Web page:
Light, delicious, umami-filled Tuna (Chamchi) Kimchi Fried Rice takes only 15 minutes from start to finish!
Tuna Kimchi Fried Rice
One of my favorite Korean food pairings is Kimchi + Tuna.
Yes, kimchi and tuna taste AMAZING together! All the bright acidity of kimchi. All the briny, umami-packed flavor of tuna. SO GOOD!
While I love Spam Kimchi Fried Rice, it’s better as a luxurious treat. For an everyday Kimchi Fried Rice recipe, I prefer canned tuna. A light, quick, and easy swap. But without all that saturated fat and heaviness.
Why canned tuna?
Korea is a peninsula surrounded by water. Fish is a staple part of the Korean diet. Canned tuna fish, called “Chamchi” in Korean, is much beloved as a Korean home cooking staple.
The benefits of canned tuna are many:
- high in protein
- full of healthy, omega-3 fatty acids
- low in calories + saturated fats
- easy to find at grocery stores
- lasts a long time in the pantry
One humble can of tuna transforms regular Kimchi Fried Rice into something very special!
Other Korean recipes starring canned tuna fish: Spicy Tuna Gimbap, Tuna Doepbap, Tuna Kimchi Pancakes, Tuna Kimchi Jjigae, Tuna Jumeokbap!
What’s in Tuna Kimchi Fried Rice? 6 pantry ingredients you may already have in your pantry:
- Kimchi. Use kimchi that’s very sour, ripe, and well-fermented for the best flavor. When cooked, old kimchi mellows out and takes on a deep intense flavor. New kimchi will not taste as good.
- Canned Tuna. Any kind of canned tuna works! See section below for more information.
- Leftover Cold Rice. Cold, leftover rice that’s been in the fridge for a day or two works best. The hard rice grains are perfect for fried rice! Freshly cooked rice is too warm and soft; the final dish will be mushy.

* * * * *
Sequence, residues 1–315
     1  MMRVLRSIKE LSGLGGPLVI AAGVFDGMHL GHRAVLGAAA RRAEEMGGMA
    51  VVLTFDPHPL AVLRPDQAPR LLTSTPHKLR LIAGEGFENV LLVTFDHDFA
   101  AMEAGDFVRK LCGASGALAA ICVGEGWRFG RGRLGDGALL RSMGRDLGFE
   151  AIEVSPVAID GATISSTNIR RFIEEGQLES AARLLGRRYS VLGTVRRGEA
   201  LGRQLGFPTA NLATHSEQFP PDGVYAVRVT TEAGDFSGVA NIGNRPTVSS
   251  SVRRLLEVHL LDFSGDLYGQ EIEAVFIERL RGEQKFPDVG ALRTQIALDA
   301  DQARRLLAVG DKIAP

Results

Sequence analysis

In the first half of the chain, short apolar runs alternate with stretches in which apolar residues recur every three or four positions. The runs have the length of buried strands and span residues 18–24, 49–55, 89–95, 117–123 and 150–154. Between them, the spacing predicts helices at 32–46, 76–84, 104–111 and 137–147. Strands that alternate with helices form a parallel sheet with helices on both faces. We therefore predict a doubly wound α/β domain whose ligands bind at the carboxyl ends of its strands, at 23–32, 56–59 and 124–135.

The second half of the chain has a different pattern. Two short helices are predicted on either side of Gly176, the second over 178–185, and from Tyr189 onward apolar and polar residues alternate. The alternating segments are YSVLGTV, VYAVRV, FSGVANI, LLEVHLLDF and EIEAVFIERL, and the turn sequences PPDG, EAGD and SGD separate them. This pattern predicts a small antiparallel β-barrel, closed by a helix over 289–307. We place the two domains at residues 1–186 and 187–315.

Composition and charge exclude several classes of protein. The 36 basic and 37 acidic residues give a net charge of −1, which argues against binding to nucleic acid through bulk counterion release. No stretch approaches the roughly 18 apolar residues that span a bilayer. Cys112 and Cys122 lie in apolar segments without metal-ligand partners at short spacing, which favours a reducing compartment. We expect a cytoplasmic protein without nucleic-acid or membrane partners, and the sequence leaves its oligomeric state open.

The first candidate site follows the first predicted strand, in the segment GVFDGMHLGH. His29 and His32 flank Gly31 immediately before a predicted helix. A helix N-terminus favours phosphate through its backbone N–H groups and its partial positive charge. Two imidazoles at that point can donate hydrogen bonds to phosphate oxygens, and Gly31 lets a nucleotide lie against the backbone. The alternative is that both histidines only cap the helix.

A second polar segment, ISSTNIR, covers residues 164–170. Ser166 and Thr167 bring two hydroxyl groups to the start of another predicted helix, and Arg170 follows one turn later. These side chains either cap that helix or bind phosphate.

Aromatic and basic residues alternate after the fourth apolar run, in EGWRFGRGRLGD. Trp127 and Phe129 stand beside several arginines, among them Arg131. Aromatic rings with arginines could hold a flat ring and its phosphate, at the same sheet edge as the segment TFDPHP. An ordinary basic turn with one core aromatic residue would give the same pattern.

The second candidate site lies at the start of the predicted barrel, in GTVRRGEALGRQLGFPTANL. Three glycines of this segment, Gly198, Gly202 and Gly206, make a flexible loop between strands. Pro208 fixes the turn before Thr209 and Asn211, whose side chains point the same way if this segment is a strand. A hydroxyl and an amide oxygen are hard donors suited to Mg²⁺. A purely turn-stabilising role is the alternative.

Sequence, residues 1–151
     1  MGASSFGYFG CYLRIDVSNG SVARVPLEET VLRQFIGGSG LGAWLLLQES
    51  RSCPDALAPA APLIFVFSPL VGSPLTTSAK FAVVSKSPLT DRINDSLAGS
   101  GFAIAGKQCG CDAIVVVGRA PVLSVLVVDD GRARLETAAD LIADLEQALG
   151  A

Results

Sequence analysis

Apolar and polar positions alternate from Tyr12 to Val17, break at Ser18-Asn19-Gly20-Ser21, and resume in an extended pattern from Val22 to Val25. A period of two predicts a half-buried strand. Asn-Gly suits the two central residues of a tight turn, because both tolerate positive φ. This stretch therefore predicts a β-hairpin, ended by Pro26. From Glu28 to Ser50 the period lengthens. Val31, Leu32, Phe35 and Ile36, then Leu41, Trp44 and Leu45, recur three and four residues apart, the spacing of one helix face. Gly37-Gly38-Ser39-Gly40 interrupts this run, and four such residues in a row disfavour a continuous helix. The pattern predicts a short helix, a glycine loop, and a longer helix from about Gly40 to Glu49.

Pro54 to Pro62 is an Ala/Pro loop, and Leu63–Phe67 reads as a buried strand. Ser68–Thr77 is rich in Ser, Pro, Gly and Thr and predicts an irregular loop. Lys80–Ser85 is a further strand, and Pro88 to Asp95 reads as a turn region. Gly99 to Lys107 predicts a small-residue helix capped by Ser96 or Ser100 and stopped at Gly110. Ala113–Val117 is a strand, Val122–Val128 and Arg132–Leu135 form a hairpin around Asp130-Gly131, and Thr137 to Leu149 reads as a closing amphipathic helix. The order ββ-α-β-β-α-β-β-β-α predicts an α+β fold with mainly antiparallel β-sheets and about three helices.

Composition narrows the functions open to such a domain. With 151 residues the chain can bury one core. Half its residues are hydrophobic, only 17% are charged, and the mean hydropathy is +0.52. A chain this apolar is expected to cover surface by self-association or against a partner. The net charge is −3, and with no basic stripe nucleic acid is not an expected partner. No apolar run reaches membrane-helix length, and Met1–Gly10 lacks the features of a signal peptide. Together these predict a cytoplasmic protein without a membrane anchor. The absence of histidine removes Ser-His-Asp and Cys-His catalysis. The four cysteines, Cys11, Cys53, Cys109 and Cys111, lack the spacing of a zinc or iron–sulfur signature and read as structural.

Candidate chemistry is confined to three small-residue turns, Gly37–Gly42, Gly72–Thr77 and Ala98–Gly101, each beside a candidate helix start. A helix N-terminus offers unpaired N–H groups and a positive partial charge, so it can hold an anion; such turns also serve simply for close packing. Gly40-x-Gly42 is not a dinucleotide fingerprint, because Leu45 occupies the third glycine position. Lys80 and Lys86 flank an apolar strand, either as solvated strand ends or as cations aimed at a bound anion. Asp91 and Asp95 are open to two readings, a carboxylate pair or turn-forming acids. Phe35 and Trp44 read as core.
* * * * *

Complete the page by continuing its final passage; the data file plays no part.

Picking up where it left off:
- Sesame Oil. A little drizzle of sesame oil adds nutty fragrance.
- Green Onions. The aromatic that keeps things fresh!
- Fish Sauce. Sprinkle a little bit at the end for better flavor.
What kind of canned tuna should I use?
I’ve made Tuna (Chamchi) Kimchi Fried Rice with just about every kind of canned tuna. They are all good.
There are 4 kinds generally available in grocery stores:
- Korean Spicy Canned Tuna. At the Korean market, there are several varieties of spicy canned tuna. They contain gochujang, spicy oil/sauce, crab, kimchi, and even bits of cubed potato. My favorite canned tuna.
- Korean Non-Spicy Canned Tuna. Tastes the same as tuna packed in water.
- Tuna packed in oil. Even when drained well, the residual traces of oil adds richness and deep briny flavor. The oil doesn’t taste too heavy or fishy.
- Tuna packed in water. More light tasting than tuna packed in oil, but still adds flavor and heft.
Optional but very delicious toppings:
- Furikake. A delicious layer of flavor!
- Sriracha. Adds that extra layer of spice and flavor! Drizzle as much as you like.
- Fried Egg. The Korean way to make a complete meal out of anything: top with a golden runny fried egg. Adds protein and that yolky goodness when it spills onto the rice — YUM!
- Cut Kimchi. In a small bowl, cut kimchi into small pieces with scissors. An easy, less messy way to chop kimchi than on a cutting board with kimchi juice running all over!
- Cook kimchi. Heat a non-stick skillet over medium heat and add a little oil. Add kimchi and cook until caramelized and soft.
- Add tuna. Add drained, canned tuna and keep cooking. Break apart the tuna with a spatula or wooden spoon until no big chunks remain.
- Add cold rice. Keep cooking, stirring everything together until well incorporated. Again, break apart the cold rice with a spatula or wooden spoon.